The decline in the unemployment rate (-23bps to 4.94%) is eye-catching, and certainly surprised with strength – most market economists, and the official family, expect the unemployment rate to rise to ~5.5% or so over the short to medium-term.
In the month of April, the decline in the unemployment rate was mostly a participation rate story. The participation rate fell 14bps to 65.2% (about half of which was due to females aged 15-19), and this turned a 3bps decline in the unemployment rate (to 5.15%) into a 23bps decline.
When thinking about the economics of labour force participation, it’s helpful to consider what it means to be unemployed. To be classified as unemployed you must be looking for work and ready to start. So a decline in the labour force participation rate may suggest that jobs are harder to find – in eco-speak, the expected returns from job search are low, so folks make the sensible decision to spend their time doing something else.
The gross flows data support this interpretation of the headline labour market numbers.
The hazard rate is trending up once again. That is, if you have a job, the probability of losing it is trending up. In the last three months, the hazard rate increased ~10bps to ~0.9% (this means that around 0.9% of the employed transition to the ranks of the unemployed each month).
The re-hiring rate (transitions from unemployment to employment) remains subdued. This fell from ~26% to ~20% between early 2007 and late 2008, and has not convincingly held ~23% since that time. In April, the probability of transitioning from unemployment to employment declined ~100bps, to ~22%.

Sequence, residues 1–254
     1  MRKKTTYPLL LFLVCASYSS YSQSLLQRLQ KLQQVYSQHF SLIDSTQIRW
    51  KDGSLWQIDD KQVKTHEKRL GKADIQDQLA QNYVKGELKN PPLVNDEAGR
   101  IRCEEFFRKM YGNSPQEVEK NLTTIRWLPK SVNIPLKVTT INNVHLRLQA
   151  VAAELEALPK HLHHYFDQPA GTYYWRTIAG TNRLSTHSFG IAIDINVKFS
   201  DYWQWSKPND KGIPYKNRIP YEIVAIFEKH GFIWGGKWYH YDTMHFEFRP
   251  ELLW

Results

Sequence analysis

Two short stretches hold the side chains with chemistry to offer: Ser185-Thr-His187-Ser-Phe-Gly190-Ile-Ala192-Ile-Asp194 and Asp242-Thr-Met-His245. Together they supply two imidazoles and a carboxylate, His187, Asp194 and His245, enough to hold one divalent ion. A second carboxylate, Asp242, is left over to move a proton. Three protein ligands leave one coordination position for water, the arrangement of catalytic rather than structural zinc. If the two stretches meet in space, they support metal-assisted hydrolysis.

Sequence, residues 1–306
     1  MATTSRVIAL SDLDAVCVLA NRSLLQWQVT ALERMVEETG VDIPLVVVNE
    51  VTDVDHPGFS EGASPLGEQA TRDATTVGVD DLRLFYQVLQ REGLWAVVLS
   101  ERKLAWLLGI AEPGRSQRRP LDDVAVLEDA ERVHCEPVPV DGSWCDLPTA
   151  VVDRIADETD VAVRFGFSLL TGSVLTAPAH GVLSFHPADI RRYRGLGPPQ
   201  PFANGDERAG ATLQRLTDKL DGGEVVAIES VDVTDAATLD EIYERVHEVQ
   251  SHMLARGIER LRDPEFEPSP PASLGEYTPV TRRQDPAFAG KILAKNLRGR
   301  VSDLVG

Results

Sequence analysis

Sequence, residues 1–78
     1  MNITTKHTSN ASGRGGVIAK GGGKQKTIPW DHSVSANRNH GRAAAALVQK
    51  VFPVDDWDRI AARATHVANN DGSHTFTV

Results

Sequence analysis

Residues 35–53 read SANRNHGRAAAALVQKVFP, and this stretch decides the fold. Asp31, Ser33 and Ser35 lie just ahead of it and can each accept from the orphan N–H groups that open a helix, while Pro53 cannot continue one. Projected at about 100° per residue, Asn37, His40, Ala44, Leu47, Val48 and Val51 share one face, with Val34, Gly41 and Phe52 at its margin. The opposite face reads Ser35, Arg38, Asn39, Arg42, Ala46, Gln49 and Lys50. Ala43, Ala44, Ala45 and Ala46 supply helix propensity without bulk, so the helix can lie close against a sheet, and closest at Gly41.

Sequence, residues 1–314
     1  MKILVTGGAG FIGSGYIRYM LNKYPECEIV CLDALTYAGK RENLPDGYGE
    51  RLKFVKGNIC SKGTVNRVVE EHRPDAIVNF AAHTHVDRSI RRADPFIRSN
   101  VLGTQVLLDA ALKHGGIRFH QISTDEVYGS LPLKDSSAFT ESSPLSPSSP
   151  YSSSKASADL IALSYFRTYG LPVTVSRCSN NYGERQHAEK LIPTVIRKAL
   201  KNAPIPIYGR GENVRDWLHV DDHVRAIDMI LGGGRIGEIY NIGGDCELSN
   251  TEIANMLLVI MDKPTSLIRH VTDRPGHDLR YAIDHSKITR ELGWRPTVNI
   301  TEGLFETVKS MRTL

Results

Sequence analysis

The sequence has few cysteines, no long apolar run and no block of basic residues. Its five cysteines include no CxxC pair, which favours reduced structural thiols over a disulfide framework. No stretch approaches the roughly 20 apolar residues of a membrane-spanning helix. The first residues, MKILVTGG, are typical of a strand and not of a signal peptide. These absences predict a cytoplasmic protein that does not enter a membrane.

In response to this frustrating search experience (which is possibly a reflection of structural change), folks are giving up looking. Exits from unemployment to ‘Not In the Labour Force’ are elevated, at ~25%. That is, about 25% of those who are unemployed quit looking each month. This is around the level reached in 2008.
In times like this, it is perhaps best to look at the employment to population ratio. This remained steady at 62% (M +0.16ppts to 68.36%; F: -0.12ppts to 55.8%) in April. That is a high level (for Australia), but it does not suggests that the labour market has tightened in a material way.
In the end, what this means for monetary policy comes down to two judgements.
1/ does the PR rise once again – or equivalently does the hidden slack still press down on wages?
2/ if not, does the fiscal authority respond to the fact that their budget deficit is now ‘more structural’?
I think that the participation rate will probably rise once again. If I am wrong about that, I predict more fiscal drag – a lower participation means that more of the budget deficit is structural, so you need more tightening to get back to surplus.
Still, it makes it hard to see the RBA lowering their policy rate in June – they’ll probably want a bit more information about what’s going on.